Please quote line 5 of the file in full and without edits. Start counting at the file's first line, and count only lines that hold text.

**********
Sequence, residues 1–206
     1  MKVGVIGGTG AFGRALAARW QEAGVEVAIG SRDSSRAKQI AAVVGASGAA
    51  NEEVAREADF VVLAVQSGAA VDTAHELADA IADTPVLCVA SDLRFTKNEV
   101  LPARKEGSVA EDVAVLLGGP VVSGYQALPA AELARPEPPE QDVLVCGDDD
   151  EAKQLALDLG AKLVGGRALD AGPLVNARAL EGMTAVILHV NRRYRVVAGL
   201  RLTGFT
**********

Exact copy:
   151  EAKQLALDLG AKLVGGRALD AGPLVNARAL EGMTAVILHV NRRYRVVAGL